Articles | Volume 20, issue 11
Atmos. Chem. Phys., 20, 7021–7034, 2020
https://doi.org/10.5194/acp-20-7021-2020
Atmos. Chem. Phys., 20, 7021–7034, 2020
https://doi.org/10.5194/acp-20-7021-2020
Research article
12 Jun 2020
Research article | 12 Jun 2020

Sesquiterpenes dominate monoterpenes in northern wetland emissions

Heidi Hellén et al.

Viewed

Total article views: 1,379 (including HTML, PDF, and XML)
HTML PDF XML Total Supplement BibTeX EndNote
884 464 31 1,379 201 25 31
  • HTML: 884
  • PDF: 464
  • XML: 31
  • Total: 1,379
  • Supplement: 201
  • BibTeX: 25
  • EndNote: 31
Views and downloads (calculated since 22 Jan 2020)
Cumulative views and downloads (calculated since 22 Jan 2020)

Viewed (geographical distribution)

Total article views: 1,379 (including HTML, PDF, and XML) Thereof 1,501 with geography defined and -122 with unknown origin.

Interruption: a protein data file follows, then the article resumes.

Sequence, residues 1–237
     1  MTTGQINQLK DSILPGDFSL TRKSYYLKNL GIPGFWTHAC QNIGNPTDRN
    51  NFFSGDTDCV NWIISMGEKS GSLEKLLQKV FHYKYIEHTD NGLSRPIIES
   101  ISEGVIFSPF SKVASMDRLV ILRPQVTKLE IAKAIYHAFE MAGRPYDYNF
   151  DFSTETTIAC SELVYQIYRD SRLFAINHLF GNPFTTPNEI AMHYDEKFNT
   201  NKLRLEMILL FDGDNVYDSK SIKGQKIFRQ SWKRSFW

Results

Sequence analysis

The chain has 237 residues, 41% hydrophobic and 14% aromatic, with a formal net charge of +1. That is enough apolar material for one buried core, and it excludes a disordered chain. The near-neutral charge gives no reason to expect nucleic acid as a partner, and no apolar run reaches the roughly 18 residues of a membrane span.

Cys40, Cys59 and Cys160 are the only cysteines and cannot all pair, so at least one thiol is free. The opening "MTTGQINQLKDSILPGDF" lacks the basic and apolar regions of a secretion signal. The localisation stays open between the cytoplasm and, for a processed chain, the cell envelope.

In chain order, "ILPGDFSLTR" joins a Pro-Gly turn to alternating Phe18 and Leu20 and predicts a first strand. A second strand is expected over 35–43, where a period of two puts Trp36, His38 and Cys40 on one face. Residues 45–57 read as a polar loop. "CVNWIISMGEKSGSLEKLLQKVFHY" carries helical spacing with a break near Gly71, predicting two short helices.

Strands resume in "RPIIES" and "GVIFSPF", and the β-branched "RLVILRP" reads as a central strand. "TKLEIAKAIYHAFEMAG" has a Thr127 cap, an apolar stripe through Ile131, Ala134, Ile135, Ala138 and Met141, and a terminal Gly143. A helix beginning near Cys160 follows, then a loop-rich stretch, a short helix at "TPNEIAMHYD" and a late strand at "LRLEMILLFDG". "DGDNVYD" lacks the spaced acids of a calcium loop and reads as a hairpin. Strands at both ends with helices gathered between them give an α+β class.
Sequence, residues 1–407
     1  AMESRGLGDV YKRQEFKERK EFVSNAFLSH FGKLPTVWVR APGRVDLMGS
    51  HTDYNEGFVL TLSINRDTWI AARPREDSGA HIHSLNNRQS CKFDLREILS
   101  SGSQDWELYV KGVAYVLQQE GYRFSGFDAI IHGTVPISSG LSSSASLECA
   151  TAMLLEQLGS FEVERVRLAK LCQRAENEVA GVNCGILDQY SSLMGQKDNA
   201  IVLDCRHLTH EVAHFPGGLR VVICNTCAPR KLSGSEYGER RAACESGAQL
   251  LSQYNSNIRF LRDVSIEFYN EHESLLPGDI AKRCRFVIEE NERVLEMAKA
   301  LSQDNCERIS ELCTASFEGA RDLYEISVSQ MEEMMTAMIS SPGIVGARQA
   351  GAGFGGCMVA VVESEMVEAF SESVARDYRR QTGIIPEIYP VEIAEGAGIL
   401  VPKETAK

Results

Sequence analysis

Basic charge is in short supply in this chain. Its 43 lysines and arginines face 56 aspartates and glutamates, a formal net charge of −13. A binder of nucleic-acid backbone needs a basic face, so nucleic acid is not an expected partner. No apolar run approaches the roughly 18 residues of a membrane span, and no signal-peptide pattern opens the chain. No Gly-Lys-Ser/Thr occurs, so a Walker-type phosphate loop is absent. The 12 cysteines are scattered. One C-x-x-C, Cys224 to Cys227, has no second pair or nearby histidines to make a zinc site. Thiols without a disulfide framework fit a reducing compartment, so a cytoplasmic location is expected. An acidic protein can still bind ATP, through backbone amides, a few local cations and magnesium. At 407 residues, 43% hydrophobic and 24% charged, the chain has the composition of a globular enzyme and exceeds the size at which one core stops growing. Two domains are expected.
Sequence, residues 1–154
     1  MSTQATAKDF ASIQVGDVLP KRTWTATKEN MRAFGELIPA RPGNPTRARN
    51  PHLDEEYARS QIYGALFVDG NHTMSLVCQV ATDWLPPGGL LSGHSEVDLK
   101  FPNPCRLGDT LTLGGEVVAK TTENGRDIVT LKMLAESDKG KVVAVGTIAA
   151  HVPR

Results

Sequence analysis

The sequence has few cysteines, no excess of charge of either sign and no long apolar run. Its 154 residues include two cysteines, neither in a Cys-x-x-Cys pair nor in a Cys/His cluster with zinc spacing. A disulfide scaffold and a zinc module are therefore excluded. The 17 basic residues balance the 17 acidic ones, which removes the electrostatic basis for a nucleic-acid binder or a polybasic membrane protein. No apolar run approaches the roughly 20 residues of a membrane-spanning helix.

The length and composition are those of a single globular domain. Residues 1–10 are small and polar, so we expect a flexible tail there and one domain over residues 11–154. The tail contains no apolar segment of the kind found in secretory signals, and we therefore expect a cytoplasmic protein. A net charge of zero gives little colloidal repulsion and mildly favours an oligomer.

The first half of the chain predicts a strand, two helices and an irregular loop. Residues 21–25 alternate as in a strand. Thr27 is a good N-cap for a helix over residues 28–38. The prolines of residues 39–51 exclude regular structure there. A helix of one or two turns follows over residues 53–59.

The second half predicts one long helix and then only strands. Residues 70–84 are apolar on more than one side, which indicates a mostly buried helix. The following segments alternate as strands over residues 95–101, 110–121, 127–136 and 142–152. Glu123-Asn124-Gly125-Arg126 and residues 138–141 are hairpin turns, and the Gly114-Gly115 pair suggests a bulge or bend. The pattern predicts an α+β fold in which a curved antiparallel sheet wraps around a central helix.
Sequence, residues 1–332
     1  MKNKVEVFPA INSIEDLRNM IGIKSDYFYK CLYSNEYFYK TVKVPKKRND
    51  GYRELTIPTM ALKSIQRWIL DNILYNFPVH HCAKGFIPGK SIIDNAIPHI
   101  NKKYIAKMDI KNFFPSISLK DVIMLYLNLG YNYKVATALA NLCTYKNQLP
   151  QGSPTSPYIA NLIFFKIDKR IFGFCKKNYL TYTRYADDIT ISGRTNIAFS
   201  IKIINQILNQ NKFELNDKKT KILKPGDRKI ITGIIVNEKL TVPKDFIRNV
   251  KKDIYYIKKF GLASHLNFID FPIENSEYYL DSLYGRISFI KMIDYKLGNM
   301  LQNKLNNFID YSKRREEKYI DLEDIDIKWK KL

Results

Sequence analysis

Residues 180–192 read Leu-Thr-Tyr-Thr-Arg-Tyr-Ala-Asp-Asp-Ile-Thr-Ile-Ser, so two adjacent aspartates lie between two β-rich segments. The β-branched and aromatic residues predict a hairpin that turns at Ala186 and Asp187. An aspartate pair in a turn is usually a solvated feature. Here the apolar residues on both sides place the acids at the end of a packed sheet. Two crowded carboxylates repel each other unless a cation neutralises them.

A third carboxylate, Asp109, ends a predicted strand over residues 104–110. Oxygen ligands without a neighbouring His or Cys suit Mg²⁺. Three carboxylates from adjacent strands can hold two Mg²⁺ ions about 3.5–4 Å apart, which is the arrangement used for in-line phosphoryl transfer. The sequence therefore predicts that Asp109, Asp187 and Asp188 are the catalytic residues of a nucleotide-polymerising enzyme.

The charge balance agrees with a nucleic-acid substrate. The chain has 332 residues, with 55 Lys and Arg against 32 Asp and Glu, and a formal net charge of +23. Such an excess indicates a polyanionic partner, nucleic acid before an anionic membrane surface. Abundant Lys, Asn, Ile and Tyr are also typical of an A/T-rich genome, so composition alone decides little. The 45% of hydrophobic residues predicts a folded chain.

Country # Views %
  • 1
1
 
 
 
 

Cited

Latest update: 01 Feb 2023
Download
Short summary
We studied biogenic volatile organic compound emissions and their ambient concentrations in a sub-Arctic wetland. Although isoprene was the main terpenoid emitted, sesquiterpene emissions were also highly significant, especially in early summer. Sesquiterpenes have much higher potential to form secondary organic aerosol than isoprenes. High sesquiterpene emissions during early summer suggested that melting snow and thawing soil could be an important source of these compounds.
Altmetrics
Final-revised paper
Preprint